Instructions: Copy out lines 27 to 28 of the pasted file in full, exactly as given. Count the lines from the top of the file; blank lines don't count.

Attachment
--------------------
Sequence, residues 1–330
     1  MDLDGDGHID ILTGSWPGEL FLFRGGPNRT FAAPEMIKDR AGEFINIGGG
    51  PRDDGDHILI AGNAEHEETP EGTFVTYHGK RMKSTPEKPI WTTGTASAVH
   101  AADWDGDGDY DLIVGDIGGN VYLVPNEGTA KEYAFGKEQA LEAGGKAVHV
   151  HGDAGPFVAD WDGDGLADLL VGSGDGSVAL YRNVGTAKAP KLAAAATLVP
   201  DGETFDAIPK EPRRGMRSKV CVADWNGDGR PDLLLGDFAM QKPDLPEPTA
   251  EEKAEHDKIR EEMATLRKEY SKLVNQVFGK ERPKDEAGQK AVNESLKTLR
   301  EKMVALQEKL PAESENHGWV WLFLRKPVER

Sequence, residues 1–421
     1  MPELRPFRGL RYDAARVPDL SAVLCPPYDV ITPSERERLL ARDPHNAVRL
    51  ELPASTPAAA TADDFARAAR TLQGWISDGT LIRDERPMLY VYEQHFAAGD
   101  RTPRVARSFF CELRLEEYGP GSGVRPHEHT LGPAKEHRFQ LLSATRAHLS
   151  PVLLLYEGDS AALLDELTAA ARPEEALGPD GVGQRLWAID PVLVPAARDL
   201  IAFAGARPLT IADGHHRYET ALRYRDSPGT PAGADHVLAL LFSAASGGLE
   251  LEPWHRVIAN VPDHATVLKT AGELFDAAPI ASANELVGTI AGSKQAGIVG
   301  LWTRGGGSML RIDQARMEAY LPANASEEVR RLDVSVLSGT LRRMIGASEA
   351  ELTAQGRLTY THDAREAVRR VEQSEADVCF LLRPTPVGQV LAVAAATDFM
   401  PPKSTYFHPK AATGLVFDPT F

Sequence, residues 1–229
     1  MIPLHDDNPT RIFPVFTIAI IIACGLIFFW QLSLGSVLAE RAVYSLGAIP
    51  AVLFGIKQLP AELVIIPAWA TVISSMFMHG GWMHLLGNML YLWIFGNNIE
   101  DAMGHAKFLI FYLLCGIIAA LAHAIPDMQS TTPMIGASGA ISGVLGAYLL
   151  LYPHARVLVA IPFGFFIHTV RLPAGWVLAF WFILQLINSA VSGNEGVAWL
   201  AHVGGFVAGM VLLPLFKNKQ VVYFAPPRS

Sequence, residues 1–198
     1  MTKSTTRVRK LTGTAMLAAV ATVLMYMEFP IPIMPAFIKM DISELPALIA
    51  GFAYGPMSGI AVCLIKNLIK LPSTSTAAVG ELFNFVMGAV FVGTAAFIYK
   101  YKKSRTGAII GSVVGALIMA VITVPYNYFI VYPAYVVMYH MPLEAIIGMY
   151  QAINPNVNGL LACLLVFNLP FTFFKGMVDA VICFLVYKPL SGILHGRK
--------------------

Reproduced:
    51  GFAYGPMSGI AVCLIKNLIK LPSTSTAAVG ELFNFVMGAV FVGTAAFIYK
   101  YKKSRTGAII GSVVGALIMA VITVPYNYFI VYPAYVVMYH MPLEAIIGMY